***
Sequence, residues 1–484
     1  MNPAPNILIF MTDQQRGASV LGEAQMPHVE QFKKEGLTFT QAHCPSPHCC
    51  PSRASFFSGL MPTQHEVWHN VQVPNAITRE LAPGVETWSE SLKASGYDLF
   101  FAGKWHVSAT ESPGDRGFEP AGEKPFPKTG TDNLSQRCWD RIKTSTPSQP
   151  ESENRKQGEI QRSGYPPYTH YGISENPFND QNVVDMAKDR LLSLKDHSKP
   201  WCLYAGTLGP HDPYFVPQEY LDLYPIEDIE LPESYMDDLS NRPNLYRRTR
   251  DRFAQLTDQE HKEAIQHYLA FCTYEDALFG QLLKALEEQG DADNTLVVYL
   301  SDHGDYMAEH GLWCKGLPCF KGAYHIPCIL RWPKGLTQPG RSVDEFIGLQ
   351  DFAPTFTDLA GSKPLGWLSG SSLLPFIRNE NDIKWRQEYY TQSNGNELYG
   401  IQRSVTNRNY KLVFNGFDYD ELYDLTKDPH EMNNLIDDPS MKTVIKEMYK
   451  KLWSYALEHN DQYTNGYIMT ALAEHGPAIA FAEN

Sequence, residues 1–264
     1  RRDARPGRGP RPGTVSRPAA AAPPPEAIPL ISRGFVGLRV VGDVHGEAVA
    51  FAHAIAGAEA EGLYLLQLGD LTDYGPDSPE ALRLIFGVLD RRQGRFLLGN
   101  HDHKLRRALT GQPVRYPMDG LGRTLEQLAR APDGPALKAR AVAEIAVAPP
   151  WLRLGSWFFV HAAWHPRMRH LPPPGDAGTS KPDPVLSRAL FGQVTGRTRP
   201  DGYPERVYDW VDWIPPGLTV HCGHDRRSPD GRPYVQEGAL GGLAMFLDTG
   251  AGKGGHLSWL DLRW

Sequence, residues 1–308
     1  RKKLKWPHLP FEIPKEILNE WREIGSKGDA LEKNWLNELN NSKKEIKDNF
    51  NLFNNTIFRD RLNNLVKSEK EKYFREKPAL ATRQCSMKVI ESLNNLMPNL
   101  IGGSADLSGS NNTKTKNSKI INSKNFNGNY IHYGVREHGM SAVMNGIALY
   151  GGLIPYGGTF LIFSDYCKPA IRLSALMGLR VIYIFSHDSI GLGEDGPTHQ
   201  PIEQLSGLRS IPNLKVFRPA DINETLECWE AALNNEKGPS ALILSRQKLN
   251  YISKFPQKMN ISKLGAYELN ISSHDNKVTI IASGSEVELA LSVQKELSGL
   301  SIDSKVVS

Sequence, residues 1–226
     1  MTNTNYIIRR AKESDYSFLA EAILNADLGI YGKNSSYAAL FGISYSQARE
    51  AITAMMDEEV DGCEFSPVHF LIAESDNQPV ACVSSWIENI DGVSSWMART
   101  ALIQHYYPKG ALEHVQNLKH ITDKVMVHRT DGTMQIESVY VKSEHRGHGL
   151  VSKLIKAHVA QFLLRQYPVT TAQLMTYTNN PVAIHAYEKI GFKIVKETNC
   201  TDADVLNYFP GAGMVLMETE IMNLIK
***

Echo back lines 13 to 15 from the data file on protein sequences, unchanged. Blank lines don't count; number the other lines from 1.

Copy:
     1  RRDARPGRGP RPGTVSRPAA AAPPPEAIPL ISRGFVGLRV VGDVHGEAVA
    51  FAHAIAGAEA EGLYLLQLGD LTDYGPDSPE ALRLIFGVLD RRQGRFLLGN
   101  HDHKLRRALT GQPVRYPMDG LGRTLEQLAR APDGPALKAR AVAEIAVAPP